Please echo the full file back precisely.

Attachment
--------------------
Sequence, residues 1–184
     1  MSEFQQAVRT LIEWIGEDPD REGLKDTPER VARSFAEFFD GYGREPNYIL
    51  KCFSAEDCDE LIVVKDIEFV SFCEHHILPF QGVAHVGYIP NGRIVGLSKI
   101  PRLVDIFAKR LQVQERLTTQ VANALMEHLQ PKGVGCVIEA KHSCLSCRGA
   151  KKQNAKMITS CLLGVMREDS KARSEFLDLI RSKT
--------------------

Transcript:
Sequence, residues 1–184
     1  MSEFQQAVRT LIEWIGEDPD REGLKDTPER VARSFAEFFD GYGREPNYIL
    51  KCFSAEDCDE LIVVKDIEFV SFCEHHILPF QGVAHVGYIP NGRIVGLSKI
   101  PRLVDIFAKR LQVQERLTTQ VANALMEHLQ PKGVGCVIEA KHSCLSCRGA
   151  KKQNAKMITS CLLGVMREDS KARSEFLDLI RSKT